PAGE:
On Thursday, 4 April 2019 10:51:35 UTC+11, Paul Rubin wrote:
> Sayth Renshaw writes:
> > for x in range ( max_root ):
> > 1) Do you see a memory bottleneck here? If so, what is it?
> > 2) Can you think of a way to fix the memory bottleneck?
> In Python 2, range(n) creates a list in memory. To make an iterator you
> would use xrange instead of range. In Python 3, range(n) is an iterator.
> Either way, fetch_squares creates a list of squares and not an iterator.
> > for square in fetch_squares (MAX ):
> > do_something_with ( square )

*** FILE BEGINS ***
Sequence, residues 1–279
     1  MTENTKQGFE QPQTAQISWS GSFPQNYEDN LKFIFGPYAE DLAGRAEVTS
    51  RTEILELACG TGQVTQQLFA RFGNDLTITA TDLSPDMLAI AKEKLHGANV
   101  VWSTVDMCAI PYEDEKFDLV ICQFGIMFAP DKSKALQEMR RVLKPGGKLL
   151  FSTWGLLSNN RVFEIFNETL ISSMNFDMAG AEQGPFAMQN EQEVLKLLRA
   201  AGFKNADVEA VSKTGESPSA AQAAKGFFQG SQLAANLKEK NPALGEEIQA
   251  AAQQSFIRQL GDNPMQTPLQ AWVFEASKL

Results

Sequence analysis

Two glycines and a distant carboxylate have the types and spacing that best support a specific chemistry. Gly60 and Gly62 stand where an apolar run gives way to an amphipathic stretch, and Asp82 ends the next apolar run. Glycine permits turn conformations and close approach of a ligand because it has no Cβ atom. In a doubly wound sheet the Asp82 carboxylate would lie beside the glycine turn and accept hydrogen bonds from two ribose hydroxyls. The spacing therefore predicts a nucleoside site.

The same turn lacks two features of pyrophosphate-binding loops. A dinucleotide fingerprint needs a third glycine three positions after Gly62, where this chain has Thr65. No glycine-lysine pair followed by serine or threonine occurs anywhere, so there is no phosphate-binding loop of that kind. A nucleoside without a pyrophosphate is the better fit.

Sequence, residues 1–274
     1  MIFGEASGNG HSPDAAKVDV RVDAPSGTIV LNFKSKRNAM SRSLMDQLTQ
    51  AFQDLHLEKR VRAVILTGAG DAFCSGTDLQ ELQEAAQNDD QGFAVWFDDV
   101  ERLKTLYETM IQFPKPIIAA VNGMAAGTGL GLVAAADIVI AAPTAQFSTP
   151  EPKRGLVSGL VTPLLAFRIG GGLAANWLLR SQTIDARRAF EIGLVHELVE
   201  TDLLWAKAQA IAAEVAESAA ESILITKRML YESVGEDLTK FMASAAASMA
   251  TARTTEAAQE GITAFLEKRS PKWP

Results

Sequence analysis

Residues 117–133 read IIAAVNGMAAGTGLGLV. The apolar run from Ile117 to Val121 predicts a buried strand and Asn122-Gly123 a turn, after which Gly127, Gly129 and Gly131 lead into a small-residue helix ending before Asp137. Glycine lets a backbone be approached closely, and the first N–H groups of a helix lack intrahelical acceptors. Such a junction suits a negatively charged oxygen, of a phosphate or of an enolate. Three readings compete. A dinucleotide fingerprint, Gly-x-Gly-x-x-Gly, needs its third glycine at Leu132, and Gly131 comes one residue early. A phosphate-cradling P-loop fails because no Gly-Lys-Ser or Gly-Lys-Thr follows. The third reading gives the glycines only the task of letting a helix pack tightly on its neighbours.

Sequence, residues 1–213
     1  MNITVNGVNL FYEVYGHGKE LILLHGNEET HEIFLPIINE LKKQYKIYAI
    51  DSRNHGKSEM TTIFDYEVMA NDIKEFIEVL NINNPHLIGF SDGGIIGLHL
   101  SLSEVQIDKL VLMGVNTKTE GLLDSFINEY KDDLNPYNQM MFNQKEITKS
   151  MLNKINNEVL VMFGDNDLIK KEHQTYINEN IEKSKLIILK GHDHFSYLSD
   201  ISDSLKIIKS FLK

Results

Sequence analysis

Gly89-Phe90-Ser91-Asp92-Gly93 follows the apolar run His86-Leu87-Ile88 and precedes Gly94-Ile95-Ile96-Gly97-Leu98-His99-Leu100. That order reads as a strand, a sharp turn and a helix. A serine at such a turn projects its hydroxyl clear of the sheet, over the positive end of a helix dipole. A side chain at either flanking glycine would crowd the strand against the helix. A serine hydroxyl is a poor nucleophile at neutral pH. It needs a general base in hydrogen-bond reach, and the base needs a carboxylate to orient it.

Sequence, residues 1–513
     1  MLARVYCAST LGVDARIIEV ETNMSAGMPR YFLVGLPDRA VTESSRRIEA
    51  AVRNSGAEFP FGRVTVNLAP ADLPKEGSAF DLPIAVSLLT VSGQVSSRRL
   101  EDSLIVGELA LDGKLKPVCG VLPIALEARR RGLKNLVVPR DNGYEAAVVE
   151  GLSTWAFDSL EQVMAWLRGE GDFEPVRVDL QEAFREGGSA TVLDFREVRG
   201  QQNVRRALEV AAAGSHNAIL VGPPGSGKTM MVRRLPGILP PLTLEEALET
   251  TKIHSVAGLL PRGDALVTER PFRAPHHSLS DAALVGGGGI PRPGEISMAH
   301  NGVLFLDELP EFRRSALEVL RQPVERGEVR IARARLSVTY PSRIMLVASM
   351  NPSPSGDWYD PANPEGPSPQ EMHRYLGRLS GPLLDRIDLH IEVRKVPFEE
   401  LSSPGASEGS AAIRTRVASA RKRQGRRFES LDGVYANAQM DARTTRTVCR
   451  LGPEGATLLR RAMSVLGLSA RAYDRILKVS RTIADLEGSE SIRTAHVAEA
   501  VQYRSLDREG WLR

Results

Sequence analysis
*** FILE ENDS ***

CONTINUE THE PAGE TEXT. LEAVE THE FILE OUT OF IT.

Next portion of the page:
> Here's you're creating that list and throwing it away. So you have the
> right idea with:
> def supply_squares(max_root):
> for x in max_root:
> yield x
> But supply_squares returns a generator which means you have to iterate
> through it.
> will print something like
> <generator object supply_squares at 0x0000000004DEAC00>
> which is what you saw. You want:
> for square in supply_squares(MAX):
> print square
Ah thanks for your help. Happy I identified the correct bottleneck too.